It was in the 1990s that the “100 days of government” concept began to be treated as a significant milestone and an occasion for publicising initiatives on the government’s part, as an instance to point out deficiencies by the Opposition parties and as a time for a fair assessment by the media. At that time, governments did not either last for their entire term, or were fragile coalitions pulling in different directions from within. Although this is no longer the case, the stability of the Narendra Modi government cannot be doubted -- more so now than in 2014-- as a leader, the Prime Minister is not one to allow a watershed milestone pass by without covering the government with glory. Yet, this marker is significant because it provides an opportunity to take stock of events since Modi 2.0 assumed office and to determine how this government is marking a course at variance to the path it chose in its first term.
It would be worthwhile to recall that the 100-day marker first appeared on the political horizon almost eight decades ago, when then US President Franklin D. Roosevelt, who assumed office amid the Great Depression in America, initiated a series of schemes and laws to overcome the problems that his country was facing. On the completion of the first phase of his programmes, FDR realised that it had taken him precisely 100 days to accomplish what he had set out to achieve in the first round. Thereafter, many global leaders have followed suit, and some even had books written on the first 100 days of their government.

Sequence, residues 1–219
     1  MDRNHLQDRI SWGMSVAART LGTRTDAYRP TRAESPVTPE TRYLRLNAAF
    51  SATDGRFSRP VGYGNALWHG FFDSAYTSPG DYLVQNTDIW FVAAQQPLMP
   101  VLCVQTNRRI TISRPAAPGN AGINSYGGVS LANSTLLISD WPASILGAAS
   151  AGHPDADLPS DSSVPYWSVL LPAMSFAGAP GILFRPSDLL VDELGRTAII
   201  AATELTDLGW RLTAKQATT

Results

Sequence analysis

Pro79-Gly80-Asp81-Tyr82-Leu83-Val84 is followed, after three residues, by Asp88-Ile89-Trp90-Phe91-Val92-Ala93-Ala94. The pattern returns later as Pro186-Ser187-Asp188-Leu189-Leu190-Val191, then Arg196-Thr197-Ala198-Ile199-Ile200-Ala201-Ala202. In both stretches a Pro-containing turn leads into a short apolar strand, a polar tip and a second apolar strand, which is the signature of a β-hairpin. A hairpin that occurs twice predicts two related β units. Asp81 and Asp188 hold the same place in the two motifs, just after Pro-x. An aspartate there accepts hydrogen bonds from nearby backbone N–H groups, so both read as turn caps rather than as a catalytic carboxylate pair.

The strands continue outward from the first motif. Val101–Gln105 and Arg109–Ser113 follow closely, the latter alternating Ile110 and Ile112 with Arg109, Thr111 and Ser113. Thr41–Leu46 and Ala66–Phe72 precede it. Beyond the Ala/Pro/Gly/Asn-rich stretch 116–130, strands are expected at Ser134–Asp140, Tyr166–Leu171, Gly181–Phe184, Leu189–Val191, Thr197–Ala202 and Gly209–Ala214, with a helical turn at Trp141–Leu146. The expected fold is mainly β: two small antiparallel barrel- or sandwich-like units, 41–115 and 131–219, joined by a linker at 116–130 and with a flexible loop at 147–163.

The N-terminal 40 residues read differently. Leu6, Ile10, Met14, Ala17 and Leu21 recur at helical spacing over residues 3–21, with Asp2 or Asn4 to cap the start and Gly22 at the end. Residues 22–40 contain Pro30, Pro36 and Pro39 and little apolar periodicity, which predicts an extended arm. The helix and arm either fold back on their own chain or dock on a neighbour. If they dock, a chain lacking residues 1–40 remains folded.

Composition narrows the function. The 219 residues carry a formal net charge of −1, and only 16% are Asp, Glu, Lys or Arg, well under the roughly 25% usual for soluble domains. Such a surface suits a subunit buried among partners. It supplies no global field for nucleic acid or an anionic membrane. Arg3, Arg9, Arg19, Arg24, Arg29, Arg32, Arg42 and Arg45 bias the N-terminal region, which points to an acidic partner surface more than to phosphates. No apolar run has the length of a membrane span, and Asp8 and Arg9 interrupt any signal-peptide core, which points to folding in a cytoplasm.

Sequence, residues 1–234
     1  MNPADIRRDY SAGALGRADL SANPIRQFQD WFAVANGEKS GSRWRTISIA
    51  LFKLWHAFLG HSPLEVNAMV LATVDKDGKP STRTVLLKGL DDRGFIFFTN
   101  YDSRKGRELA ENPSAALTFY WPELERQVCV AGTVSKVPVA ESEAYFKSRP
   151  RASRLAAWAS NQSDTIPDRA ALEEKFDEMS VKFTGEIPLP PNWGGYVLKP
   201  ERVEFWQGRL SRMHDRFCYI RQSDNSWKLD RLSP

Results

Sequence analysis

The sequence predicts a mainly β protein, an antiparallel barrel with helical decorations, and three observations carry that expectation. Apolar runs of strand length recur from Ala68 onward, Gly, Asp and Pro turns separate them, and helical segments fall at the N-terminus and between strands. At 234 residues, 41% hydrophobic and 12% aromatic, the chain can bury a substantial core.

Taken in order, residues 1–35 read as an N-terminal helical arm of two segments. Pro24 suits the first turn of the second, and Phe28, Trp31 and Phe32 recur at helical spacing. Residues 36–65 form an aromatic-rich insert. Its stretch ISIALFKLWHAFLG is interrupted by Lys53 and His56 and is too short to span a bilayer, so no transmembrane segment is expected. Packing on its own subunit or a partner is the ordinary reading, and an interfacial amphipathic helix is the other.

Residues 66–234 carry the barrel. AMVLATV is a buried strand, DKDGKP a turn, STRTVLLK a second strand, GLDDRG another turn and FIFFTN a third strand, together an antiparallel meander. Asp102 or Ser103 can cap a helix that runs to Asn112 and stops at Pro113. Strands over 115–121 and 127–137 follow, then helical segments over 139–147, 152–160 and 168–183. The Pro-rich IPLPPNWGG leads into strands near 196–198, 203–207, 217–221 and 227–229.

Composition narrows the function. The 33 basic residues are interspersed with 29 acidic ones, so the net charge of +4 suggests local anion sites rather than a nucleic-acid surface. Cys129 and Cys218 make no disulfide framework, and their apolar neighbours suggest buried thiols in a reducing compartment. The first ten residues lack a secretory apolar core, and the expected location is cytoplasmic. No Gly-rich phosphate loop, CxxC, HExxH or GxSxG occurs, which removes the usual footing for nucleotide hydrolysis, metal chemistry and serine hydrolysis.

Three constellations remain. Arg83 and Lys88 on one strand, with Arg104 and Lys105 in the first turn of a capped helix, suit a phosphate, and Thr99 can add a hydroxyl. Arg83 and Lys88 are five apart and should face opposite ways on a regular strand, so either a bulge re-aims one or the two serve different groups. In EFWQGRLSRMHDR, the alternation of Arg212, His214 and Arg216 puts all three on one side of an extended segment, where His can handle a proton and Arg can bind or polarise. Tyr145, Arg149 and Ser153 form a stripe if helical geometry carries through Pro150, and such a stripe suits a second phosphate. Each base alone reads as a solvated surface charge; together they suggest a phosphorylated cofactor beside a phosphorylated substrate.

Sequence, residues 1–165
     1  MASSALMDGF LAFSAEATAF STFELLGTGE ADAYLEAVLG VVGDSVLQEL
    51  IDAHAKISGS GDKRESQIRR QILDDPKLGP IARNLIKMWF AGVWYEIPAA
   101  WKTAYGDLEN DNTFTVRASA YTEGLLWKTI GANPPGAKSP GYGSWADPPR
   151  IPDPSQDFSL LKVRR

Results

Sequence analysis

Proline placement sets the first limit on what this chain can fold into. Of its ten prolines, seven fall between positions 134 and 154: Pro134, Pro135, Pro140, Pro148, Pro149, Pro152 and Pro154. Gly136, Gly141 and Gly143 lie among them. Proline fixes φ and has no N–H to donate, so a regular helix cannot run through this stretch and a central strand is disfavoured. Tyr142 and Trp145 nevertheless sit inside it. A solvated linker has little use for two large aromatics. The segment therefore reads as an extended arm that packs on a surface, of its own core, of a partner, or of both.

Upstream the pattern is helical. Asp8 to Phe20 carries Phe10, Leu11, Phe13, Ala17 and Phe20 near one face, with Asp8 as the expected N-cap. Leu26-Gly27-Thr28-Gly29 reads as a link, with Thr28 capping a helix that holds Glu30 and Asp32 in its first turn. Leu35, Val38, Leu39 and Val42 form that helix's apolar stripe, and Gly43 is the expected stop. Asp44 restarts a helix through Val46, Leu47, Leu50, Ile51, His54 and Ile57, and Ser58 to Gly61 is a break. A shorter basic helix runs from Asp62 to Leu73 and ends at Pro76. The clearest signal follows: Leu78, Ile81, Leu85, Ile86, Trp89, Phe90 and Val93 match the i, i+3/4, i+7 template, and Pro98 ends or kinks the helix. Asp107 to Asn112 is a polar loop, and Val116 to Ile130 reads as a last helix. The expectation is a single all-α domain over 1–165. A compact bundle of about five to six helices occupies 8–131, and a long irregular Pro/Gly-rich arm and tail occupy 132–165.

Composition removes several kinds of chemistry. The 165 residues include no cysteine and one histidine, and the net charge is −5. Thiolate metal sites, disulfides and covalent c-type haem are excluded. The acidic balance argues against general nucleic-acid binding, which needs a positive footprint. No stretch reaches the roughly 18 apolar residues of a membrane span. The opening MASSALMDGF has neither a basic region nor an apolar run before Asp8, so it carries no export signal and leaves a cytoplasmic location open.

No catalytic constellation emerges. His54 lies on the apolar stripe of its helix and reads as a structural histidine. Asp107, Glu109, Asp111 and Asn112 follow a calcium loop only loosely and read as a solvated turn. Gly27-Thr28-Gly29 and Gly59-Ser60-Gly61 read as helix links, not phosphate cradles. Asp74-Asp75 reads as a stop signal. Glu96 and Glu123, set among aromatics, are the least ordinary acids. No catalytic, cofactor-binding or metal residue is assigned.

In Narendra Modi’s case, the excitement has been greater because he has few peers matching his communication skills. He is also skilled at spotting a good occasion to hard-sell images, and the “cause” being pushed at that point in time. This was the case in 2014, and it would be surprising if the fanfare is not repeated this time too. It is all the more so as this time, in comparison with his first term, there are more “momentous” achievements to boast of. It is a different matter that many of these may not be what the nation so direly needs.
The 2019 verdict is at variance with that in 2014 because the reasons why Narendra Modi was given the endorsement back then were the dire necessities. There was indeed a “policy paralysis” and the country needed a whiff of freshness, both in terms of ideas and leadership. Mr Modi raised hopes and provided legitimacy to aspirations. As Elections 2019 neared, much of this trust had been dishonoured and there were fears that the BJP would struggle to return to office. The Pulwama terror attack and Mr Modi's belligerent response in Balakot, and the success in securing global support, changed the electoral narrative to the Prime Minister’s advantage. The election was then fought and won on a narrative which was not based on the basic needs of people, but on issues of national pride and security. People were willing to accept Mr Modi despite little to cheer when it came to personal betterment. They opted for him because they sensed in Prime Minister Modi a leader who was willing to talk tough and roll back the imagined humiliations of the past.